Invisible: Issues in Women's Occupational Health

Description

401 pages
Contains Bibliography
$21.95
ISBN 0-921881-37-1
DDC 331.4'25

Publisher

Year

1995

Contributor

Edited by Karen Messing, Barbara Neis, and Lucie Dumais
Reviewed by Dave Bennett

David Bennett is the national director of the Department of Workplace Health, Safety and Environment at the Canadian Labour Congress in Ottawa.

Review

This collection of essays (some in French, the majority in English),
written primarily by Canadian women researchers and activists, examines
issues in women’s occupational health from both a theoretical and a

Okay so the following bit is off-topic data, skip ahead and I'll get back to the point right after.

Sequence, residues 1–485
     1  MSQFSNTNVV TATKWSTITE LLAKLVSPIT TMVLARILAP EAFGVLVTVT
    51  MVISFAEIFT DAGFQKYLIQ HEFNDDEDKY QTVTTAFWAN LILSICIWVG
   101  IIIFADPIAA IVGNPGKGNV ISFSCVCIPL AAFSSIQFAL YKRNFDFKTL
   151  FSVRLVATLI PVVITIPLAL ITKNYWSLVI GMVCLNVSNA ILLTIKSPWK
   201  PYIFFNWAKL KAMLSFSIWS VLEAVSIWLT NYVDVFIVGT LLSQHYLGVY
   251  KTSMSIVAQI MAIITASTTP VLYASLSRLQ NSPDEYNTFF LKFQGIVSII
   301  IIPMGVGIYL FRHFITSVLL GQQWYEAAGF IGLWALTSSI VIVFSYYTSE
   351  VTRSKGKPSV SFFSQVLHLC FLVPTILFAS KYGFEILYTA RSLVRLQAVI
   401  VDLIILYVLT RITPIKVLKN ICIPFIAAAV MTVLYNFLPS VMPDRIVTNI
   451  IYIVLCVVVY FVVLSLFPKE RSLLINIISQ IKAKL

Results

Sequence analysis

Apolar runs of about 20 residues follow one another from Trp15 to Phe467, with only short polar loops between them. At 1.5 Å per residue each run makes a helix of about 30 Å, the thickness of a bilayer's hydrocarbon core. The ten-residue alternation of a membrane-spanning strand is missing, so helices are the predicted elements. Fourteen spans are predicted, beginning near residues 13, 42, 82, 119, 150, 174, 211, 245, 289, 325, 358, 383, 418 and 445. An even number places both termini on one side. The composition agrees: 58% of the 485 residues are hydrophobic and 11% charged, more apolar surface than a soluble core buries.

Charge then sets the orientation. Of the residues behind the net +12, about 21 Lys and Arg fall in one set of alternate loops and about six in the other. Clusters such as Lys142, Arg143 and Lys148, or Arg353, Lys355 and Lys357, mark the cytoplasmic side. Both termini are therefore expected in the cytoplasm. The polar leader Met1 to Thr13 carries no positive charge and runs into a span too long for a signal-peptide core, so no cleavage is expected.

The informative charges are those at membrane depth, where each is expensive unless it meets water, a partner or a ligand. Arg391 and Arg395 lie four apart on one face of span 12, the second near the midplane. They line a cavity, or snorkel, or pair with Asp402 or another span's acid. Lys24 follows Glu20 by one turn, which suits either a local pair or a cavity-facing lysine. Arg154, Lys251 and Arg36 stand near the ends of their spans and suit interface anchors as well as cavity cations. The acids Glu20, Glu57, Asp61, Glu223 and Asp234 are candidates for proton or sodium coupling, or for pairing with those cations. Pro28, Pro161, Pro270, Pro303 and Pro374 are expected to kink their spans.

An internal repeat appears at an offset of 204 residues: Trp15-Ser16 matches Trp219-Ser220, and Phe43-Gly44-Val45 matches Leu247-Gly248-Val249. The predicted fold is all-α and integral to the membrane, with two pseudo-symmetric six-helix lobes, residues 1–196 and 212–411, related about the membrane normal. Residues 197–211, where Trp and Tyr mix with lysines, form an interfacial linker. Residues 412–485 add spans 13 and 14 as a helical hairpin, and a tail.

practical standpoint. The great merit of the book is that it exposes
systemic discrimination against women workers with respect to workplace
design (ergonomics). As the essays demonstrate, workplaces are designed
to accommodate a stereotype of male needs. The women who work in
male-oriented workplaces are either excluded from “men’s” work or
obliged to take on an additional burden of risk, which is often rendered
“invisible.” This book’s powerful and persuasive thesis is
expounded in individual examinations of health and safety hazards that
are found in a wide range of occupations and industries.

Citation

“Invisible: Issues in Women's Occupational Health,” Canadian Book Review Annual Online, accessed February 28, 2024, https://cbra.library.utoronto.ca/items/show/5643.